How to market drugs and devices on social media?
Promoting drugs and medical devices on social media in a highly-regulated industry may seem like a daunting task with the abundance of social media platforms and the unique qualities associated with each one. For example, a drug promotion strategy optimized for Facebook might not meet regulatory compliance for Twitter, Instagram, Google, or Snapchat due to character space limitation. It is necessary to take note of the differences between these platforms and adjust accordingly to ensure compliance with FDA guidelines.
General overview of a regulatory-compliant product promotion on social media
At the top of the landing page, the firm will communicate brand and established names together with the dosage form and quantitative information together.
If the firm is making a benefit claim about the product in the post, they need to provide information on risks and allow access to a more complete discussion of risks associated with the product (i.e. a link to the product website) all in the same post.
See below for a comprehensive Twitter example.
How to communicate benefits of a drug using social media?
The 3 main points to keep in mind when communicating benefit information of a product through social media:
- Benefit information should be accurate, non-misleading, and contain material facts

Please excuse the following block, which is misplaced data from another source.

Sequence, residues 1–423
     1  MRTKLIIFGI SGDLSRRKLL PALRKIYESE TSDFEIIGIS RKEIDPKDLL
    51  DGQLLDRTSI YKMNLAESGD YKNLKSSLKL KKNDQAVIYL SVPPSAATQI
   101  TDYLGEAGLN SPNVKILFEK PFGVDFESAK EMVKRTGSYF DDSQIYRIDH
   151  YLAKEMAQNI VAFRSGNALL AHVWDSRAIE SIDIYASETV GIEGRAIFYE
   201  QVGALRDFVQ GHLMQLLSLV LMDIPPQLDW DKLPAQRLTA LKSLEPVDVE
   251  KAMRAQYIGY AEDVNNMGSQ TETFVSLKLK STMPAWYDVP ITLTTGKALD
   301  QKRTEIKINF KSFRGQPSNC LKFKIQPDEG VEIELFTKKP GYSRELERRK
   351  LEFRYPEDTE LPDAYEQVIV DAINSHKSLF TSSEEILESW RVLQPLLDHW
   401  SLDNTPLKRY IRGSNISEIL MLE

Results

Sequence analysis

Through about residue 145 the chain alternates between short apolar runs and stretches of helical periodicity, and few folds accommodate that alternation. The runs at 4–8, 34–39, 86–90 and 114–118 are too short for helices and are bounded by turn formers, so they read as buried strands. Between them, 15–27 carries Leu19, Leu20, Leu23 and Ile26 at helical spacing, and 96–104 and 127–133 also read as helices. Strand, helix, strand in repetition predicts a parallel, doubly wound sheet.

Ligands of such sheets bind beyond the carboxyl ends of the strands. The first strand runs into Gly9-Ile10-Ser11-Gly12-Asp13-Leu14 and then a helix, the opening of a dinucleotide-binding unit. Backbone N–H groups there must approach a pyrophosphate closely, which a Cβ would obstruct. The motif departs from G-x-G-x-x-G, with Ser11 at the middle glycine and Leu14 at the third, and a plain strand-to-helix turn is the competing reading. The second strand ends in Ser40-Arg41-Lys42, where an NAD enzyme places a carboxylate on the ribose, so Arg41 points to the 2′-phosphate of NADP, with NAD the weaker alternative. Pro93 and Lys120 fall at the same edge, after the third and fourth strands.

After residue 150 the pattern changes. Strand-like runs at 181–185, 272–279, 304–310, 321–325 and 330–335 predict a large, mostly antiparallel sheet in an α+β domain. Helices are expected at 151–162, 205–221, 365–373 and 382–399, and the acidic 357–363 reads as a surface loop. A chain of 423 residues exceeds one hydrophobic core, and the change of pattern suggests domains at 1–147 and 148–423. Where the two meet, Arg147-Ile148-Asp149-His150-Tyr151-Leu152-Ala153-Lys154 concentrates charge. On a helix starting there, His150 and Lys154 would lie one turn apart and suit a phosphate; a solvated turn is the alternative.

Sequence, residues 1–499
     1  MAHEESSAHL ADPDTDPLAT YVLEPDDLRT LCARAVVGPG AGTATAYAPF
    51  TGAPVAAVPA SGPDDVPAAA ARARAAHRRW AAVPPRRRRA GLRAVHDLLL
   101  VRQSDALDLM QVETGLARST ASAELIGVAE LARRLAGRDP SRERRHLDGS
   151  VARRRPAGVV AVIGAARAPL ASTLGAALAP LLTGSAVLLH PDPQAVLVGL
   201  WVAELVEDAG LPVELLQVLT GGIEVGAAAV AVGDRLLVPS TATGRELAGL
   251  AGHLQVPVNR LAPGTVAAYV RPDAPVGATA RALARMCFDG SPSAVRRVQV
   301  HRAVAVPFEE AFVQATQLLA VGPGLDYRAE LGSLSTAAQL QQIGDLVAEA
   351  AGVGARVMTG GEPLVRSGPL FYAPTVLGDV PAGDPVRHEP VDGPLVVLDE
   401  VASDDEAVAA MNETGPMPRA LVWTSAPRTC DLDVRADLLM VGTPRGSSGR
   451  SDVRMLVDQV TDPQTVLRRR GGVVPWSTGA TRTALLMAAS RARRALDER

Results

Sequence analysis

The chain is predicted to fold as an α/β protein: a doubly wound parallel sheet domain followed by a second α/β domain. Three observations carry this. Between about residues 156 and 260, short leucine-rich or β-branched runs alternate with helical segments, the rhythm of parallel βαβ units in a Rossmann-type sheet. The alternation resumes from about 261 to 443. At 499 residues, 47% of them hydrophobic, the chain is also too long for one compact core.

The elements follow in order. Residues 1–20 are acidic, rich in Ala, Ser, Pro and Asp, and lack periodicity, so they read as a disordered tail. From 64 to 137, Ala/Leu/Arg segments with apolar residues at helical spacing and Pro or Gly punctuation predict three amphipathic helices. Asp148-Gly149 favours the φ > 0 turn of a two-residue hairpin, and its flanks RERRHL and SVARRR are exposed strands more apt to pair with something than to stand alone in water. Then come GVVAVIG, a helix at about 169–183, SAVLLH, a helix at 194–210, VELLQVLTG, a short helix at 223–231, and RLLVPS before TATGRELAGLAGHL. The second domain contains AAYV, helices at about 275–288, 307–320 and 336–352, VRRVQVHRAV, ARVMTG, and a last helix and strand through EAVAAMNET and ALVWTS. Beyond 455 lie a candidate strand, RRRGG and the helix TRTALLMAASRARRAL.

- Benefit information should be accompanied by risk information
- If adequate benefit and risk information cannot be communicated given character restraints, the firm should consider using a different platform for promotion
How to communicate risks of a drug using social media?
The 4 main points to keep in mind when communicating risk information of a product through social media:
- Risk information should be presented together with benefit information
- The content of risk information should, at minimum, include the most serious risks associated with the product
- A hyperlink should be provided to allow direct access to information on all associated risks
- Prominence of risk information should be comparable to benefit information
Comprehensive Twitter example:
Landing page (top):
Xdrug (hyp hydrocholoride) 200mg capsules
Note: In this example, Xdrug (hyp hydrochloride) is the FDA approved name
Xdrug (hyp HCl) for mild to moderate hypertension. May cause minor headaches and nausea in patients with arrhythmia www.xdrug.com/risks (139/140).
Please keep in mind that if you are considering promotion of a prescription drug using an ad extension, the requirements will change accordingly.
What if we want to include other product information?
FDA states that they do not object to the following:
- Communicating established name directly to the right of or below proprietary name
- Substituting commonly recognized words for symbols (i.e. Hydrochloride for HCl)
- Using punctuation marks to help with information presentation
- Denoting a chemical ingredient with scientific abbreviation
For further information, FDA’s social media draft guidance and webinar Q&A can be found here.